The RBI brought forward its Monetary Policy Committee meeting that was scheduled to start 31 March 2020/Bloombergby Bloomberg
The Reserve Bank of India (RBI) cut interest rates and announced steps to boost liquidity in a stimulus worth 3.2 per cent of GDP to counter the economic impact of the coronavirus outbreak.
Shaktikanta Das, RBI Governor said that the benchmark repurchase rate was slashed by 75 basis points to 4.40 per cent. The central bank also slashed the cash reserve ratio, the amount of deposits lenders must set aside as reserves, by 100 basis points to three per cent to boost liquidity.
The RBI brought forward its Monetary Policy Committee meeting that was scheduled to start 31 March 2020 and, in the process, joined in delivering surprise actions such as those by the Fed and other central banks to stem the economic fallout of the pandemic.
Targeted long term repo operations of up to INR 1 trillion and a three-month moratorium on loan repayments covering all banks and shadow lenders starting 1 March 2020 were part of the steps.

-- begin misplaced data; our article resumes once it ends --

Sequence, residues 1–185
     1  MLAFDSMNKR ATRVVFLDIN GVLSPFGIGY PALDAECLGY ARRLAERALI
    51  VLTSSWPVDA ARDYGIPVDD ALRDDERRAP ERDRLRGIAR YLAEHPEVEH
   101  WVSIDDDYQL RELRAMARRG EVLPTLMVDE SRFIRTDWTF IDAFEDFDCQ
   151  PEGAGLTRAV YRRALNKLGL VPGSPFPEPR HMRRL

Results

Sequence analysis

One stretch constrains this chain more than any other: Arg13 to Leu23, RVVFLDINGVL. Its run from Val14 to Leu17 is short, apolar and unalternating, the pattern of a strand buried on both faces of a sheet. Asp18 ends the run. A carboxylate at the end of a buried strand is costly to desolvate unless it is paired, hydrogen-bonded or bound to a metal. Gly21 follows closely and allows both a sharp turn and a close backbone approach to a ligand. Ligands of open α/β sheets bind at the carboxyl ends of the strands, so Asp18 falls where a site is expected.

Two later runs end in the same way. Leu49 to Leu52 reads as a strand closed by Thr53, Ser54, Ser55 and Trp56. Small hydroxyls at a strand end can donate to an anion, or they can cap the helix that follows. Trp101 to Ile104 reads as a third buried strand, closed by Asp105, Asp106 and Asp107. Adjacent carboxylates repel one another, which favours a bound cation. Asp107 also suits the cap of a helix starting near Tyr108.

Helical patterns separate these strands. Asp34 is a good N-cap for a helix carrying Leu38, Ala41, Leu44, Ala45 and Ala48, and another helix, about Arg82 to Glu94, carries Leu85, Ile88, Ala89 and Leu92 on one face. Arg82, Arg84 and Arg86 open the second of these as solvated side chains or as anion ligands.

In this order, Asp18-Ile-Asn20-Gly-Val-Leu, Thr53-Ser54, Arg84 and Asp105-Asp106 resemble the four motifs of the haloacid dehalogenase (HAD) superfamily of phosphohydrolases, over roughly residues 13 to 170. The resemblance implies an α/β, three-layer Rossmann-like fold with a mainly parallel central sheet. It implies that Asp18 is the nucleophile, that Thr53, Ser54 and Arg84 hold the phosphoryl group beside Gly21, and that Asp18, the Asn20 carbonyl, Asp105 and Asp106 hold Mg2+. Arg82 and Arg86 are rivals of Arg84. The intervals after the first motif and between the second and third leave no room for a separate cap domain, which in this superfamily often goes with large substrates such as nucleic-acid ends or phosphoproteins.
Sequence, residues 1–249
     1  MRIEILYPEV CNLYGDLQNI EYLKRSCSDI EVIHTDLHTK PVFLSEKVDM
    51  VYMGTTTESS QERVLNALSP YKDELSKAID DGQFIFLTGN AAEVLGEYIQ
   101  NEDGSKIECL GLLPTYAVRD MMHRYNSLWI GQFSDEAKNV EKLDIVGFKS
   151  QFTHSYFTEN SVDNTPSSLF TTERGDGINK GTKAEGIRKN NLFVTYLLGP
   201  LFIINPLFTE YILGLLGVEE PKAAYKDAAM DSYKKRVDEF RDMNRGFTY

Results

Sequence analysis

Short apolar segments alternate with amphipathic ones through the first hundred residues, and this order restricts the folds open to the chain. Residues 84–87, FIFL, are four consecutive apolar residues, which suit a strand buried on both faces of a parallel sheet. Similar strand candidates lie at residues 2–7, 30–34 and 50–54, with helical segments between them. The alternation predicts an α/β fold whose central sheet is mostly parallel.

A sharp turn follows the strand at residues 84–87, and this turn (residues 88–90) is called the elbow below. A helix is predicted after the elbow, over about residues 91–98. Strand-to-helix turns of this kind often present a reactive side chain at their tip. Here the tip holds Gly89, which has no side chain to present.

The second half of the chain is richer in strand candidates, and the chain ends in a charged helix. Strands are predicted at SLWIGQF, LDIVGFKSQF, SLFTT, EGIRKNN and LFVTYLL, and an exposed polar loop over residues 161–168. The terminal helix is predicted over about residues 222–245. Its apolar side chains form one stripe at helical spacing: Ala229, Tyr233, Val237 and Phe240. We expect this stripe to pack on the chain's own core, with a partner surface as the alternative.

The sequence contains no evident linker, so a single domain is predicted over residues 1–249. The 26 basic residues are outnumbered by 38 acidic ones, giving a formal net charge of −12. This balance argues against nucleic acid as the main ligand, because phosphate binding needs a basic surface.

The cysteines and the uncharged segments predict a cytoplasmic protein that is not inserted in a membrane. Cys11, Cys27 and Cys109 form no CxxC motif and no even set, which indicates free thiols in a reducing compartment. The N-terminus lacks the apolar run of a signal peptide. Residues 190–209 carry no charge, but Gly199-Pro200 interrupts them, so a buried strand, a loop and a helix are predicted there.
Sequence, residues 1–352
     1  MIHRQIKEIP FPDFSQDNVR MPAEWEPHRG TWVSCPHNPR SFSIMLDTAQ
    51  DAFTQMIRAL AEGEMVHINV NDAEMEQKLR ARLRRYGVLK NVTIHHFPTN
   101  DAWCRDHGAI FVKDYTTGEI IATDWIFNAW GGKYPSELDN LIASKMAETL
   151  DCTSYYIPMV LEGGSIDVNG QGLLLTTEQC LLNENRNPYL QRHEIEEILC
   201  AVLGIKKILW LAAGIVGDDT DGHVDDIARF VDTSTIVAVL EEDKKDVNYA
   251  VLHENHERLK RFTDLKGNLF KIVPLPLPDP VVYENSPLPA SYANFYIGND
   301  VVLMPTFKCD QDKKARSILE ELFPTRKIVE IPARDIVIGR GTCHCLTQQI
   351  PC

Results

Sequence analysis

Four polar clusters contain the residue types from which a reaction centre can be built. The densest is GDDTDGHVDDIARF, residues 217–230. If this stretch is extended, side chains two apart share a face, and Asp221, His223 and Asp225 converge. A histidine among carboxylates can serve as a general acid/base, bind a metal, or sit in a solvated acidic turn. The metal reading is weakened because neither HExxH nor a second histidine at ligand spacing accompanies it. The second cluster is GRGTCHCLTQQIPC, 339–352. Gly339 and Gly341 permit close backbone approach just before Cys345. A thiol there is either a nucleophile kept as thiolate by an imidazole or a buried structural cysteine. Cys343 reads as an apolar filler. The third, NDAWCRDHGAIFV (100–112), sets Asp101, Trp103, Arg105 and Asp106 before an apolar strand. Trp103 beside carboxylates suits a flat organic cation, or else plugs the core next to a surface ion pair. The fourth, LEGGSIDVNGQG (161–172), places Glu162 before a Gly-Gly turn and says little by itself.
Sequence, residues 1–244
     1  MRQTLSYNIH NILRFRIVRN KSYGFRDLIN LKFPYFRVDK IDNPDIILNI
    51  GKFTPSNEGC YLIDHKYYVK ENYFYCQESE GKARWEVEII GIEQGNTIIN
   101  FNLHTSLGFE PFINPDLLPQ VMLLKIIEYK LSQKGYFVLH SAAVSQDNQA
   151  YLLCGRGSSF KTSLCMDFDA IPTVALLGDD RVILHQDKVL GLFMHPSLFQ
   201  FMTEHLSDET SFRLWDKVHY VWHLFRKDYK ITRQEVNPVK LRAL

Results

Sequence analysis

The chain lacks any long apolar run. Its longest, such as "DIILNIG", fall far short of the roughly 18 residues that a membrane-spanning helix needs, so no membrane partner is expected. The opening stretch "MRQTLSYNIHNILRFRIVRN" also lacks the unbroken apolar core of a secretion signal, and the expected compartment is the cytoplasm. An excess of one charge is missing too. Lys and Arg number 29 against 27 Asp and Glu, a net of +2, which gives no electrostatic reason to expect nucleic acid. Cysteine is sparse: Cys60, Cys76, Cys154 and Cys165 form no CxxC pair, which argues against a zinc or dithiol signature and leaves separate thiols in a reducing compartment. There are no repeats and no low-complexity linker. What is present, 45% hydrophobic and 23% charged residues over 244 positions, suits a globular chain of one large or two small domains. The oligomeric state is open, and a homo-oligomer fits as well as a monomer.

The decisions are by far the most sweeping steps by the central bank to support the economy and come a day after relief measures worth INR 1.7 trillion were unveiled by India’s finance minister.
Furthermore, India will also allow banks to trade in the offshore currency market in a step toward liberalising foreign-exchange trading.
RBI stated that banks operating out of the International Financial Services centre (IFSCs) will be allowed to participate in the non-deliverable forwards market with effect from 1 June 2020. The banks may operate via their local branches, foreign branches or their international banking unit in IFSCs.
India’s authorities are concerned a surge in rupee trading overseas threatens the stability of the currency, especially in times of stress. According to the Bank for International Settlements, that worry has intensified after London became the biggest centre for trading the Indian currency.
The average daily volumes for the rupee in the UK soared to $46.8 billion in April 2019, exceeding the $34.5 billion recorded in India. Volumes have also substantially jumped in other centres like Singapore, New York, and Dubai.
In response, India has been moving to make its onshore market more attractive and preparing to replicate offshore centres in specially designated financial zones within the country. Authorities have moved to allow local banks to offer foreign-currency transactions outside local market hours in January 2020.